Turkey and White-fronted Goose (Anser albifrous) pygostyle
2.24" (58 mm) L and 1.9" (50 mm) L
Shown here are the pygostyles of a white-fronted goose and a turkey. A pygostyle is the fused caudal (tail) portion of the vertebral column. This group of vertebral bones carries the tail feathers and controls the movements that are important in flight. Pygostyles are present in most groups of birds, though they are generally absent in large ratites (large flightless birds), except for the ostrich (where its presence suggests that ostriches are descended from flying ancestors).
Several vertebrae are fused to form a terminal bone that is shaped somewhat like a plow blade. This is the basal point of attachment for the stiff tail feathers. The spinal cord does not extend into the pygostyle; rather, connective ligaments and muscles along the pygostyle control the movements involving the tail feathers.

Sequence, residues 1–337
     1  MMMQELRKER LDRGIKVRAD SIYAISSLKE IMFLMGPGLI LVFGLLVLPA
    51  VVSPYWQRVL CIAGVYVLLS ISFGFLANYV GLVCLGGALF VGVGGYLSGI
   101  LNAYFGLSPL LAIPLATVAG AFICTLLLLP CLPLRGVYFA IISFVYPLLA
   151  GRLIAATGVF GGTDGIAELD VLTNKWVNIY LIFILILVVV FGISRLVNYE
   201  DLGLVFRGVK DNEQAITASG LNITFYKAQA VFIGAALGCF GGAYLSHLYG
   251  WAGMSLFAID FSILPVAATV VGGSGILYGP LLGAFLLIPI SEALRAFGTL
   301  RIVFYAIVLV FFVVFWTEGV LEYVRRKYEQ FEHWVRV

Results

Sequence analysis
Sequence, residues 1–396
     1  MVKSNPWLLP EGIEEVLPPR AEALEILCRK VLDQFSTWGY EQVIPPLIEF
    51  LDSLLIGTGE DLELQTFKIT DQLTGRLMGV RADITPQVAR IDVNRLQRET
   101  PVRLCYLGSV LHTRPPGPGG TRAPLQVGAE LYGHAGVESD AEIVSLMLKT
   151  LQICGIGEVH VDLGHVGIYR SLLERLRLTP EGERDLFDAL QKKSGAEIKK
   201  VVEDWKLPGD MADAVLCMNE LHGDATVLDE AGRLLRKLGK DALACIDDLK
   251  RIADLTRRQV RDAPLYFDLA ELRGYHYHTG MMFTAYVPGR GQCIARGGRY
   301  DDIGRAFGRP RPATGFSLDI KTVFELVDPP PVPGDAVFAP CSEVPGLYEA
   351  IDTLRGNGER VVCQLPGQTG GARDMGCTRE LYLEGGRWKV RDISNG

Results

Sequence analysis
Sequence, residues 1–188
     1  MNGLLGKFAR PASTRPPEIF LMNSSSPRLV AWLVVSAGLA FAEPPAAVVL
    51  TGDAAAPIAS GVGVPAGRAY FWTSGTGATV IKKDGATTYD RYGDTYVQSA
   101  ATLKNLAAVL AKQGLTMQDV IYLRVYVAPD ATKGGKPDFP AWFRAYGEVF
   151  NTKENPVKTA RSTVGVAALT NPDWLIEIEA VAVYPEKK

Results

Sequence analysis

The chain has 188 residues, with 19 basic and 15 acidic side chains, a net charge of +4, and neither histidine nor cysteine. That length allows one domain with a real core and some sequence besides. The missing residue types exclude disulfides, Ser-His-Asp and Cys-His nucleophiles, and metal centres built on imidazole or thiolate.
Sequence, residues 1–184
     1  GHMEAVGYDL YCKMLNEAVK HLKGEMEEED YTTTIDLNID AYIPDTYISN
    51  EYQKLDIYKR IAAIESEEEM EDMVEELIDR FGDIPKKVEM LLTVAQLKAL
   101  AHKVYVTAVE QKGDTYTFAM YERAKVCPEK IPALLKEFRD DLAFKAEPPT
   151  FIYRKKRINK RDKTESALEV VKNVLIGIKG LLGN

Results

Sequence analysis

On top of the pygostyle is an oil-filled, globular-shaped gland which has a duct that opens to the exterior of the skin. This gland is called the preen uropygial gland. Birds tweak the gland with their beaks to collect oil and wipe it on their plumage to provide waterproofing and feather protection.
The fleshy portion of a pygostyle, including the preen gland, on a cooked fowl is a commonly eaten tasty portion popularly referred to by farm families in the past as the "pope's nose".